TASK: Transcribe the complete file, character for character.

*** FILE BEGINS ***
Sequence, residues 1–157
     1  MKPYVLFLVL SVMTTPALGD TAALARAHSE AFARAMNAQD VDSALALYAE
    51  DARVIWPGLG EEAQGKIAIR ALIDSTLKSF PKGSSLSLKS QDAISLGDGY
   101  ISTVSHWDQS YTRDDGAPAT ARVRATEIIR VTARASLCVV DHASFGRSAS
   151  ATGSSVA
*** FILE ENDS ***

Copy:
Sequence, residues 1–157
     1  MKPYVLFLVL SVMTTPALGD TAALARAHSE AFARAMNAQD VDSALALYAE
    51  DARVIWPGLG EEAQGKIAIR ALIDSTLKSF PKGSSLSLKS QDAISLGDGY
   101  ISTVSHWDQS YTRDDGAPAT ARVRATEIIR VTARASLCVV DHASFGRSAS
   151  ATGSSVA